I’ve asked before why students don’t remember what they’ve learned: how we design instruction, the curriculum and assessment plays a large part.
On first discovering cognitive science, Kris Boulton said it was “like being given the cheat codes to intelligence”. The models of memory and the mind in seminal texts like Dan Willingham’s Why Don’t Students Like School, the models of how we learn and the insights for instruction: this research has a lot to offer teachers.
Touchpaper problem #7 is about retaining content in long-term memory. If cognitive scientists are correct, that ‘if nothing has been retained in long-term memory, nothing has been learned,’ this is a key issue for teachers.
Our team (Helene, Mark, Tim, Ben, Lucy, Jackie and I) tried in the touchpaper working party to turn what we know from cognitive science into what teachers can do about it, to work out exactly what we still need to know. Mark’s superb summary and collation of the research is here.
As a starting point, beginning with the end in mind, we set ourselves the simple constraint of one page. If we had one page that distilled and summarised the research for the classroom, we asked, what would we like teachers to have access to, free, online and neatly packaged?
So here it is.
What do we know about how memory works? What can teachers can do about it?
The research article that best synthesises a century of scientific research evidence is by five cognitive scientists: Dunlosky, Rawson, Marsh, Nathan and Willingham.
Here are their summaries of the two most effective strategies for retention, spacing or the distributed practice effect, and retrieving or the testing effect:
Distributed practice effect
Spreading of study across multiple, spaced, distributed sessions rather than cramming study into single sessions is highly effective for learning and retention.
Reviewing over 250 studies, Cepeda et al (2006) showed overall students recall more after spaced study (47%) than massed study (37%). Lag effects show the advantage of spacing with longer intervals over spacing with shorter intervals between practice sessions.
The schedule most strongly influences the benefits of distributed practice.
Schedule: How are learning episodes best spaced? Conditions with the most intersession forgetting yielded the greatest long-term retention: gaps of 30 days are shown to be better for learning than gaps of 1 day. Intervals of one month or more may be ideal for studying core content that needs to be retained for cumulative assessments.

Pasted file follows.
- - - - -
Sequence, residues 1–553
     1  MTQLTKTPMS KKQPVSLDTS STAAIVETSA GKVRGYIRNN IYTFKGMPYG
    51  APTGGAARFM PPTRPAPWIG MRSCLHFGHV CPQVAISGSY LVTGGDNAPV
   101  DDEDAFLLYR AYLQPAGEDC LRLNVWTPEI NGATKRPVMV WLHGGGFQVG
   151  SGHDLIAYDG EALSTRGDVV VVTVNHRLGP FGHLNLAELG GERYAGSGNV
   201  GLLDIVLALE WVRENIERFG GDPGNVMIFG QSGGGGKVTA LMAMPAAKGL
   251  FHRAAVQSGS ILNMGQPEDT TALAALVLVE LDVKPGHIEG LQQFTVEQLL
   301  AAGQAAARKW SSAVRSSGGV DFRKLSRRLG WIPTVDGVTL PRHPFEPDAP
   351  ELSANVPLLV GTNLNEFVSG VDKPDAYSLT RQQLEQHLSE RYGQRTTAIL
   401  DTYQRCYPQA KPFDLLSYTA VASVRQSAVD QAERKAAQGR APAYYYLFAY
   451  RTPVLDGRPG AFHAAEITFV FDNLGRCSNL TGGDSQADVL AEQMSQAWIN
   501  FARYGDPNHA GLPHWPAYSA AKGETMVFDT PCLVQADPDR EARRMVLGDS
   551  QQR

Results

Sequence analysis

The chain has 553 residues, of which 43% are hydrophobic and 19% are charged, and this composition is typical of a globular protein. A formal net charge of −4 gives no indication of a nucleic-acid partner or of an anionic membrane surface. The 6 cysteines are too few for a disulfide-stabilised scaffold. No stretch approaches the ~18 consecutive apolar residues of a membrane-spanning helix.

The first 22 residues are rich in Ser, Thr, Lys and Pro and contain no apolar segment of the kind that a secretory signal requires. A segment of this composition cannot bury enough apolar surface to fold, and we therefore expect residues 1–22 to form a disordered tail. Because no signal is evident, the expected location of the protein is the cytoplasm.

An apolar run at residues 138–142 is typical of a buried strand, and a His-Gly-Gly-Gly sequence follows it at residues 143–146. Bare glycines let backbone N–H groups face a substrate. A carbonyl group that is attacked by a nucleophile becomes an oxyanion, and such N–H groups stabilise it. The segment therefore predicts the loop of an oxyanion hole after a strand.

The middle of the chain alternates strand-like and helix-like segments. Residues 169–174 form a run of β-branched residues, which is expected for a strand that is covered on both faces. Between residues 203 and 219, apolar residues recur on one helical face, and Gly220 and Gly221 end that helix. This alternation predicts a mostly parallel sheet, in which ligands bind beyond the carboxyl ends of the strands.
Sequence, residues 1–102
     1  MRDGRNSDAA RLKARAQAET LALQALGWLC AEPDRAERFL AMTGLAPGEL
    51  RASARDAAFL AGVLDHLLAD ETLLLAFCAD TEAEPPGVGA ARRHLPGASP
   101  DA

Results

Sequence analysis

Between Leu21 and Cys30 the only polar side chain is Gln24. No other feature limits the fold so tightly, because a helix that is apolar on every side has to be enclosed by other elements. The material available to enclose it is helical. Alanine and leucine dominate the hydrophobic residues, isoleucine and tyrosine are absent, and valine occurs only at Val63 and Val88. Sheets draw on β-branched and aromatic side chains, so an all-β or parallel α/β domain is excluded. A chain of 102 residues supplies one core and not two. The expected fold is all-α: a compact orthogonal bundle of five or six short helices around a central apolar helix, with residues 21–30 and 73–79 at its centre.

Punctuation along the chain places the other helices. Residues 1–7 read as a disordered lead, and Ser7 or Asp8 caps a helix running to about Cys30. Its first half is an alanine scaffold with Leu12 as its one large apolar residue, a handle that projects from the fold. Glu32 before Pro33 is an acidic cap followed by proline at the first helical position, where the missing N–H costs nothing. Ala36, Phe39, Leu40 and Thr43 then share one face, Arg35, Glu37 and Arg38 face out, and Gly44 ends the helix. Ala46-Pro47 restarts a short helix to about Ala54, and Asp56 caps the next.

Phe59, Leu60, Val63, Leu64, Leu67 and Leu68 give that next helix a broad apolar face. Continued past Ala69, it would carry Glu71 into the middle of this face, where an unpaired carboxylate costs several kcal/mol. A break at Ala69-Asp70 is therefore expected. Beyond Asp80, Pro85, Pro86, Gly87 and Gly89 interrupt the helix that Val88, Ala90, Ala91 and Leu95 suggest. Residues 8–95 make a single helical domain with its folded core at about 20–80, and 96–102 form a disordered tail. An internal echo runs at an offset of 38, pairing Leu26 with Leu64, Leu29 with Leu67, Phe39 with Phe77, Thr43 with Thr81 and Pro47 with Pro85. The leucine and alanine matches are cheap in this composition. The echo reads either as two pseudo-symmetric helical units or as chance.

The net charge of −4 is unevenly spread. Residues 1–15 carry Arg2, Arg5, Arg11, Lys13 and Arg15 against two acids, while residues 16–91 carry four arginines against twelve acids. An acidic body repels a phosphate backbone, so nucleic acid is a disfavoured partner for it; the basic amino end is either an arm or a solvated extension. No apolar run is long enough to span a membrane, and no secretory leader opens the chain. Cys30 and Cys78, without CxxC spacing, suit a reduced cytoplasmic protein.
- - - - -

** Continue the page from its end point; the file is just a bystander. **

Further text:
Format: the distributed-practice effect works across free recall, multiple-choice questions and short-answer questions.
Practice testing has a high utility across learning conditions (reading, listening, writing etc), student characteristics (age, ability & prior knowledge), materials (problems, texts and questions across subjects) and tasks (recall, problem-solving and comprehension).
More than 100 years of research has yielded several hundred experiments showing that practice testing improves learning and retention. Practice testing is low-stakes or no-stakes, which pupils may even use on their own, outside class.
For example, final-test performance of word pairs is better for those that practice-tested (53% vs 36% after 10 minutes 35% vs 4% after one week).
Another instance is that 4 blocks of study with practice tests outperformed 8 blocks of study without (39% vs 17%).
How is testing best designed for retention? Format, dosage and timing strongly influence the benefits of practice testing.
On format, practice tests that require more generative responses (recall, short-answer) are more effective than those that require less generative responses (fill in the blank, recognition).
On dosage, more is better: final-test performance improves as the number of correct responses during practice increases, albeit with some diminishing returns as higher criterion levels are achieved.
On timing, longer is better: sizable benefits are observed when repeated tests are spaced: longer lags produce greater benefits. Testing effects are larger when final tests are given after longer delays, including intervals of 4 weeks, 4 months, 8 months, 11 months and even 1-5 years.
Practice testing outperforms restudying. The advantage of practice testing with feedback over restudy is extremely robust. Shorter and more frequent tests (one a week) are more effective than longer and less frequent (once every six weeks).
Distributed practice testing is more effective for retention than distributed practice alone.
Practice testing has a high utility across formats, materials, learner ages, learner abilities, outcome measures and retention intervals. It is the most effective learning technique in the research literature, according to these five cognitive scientists.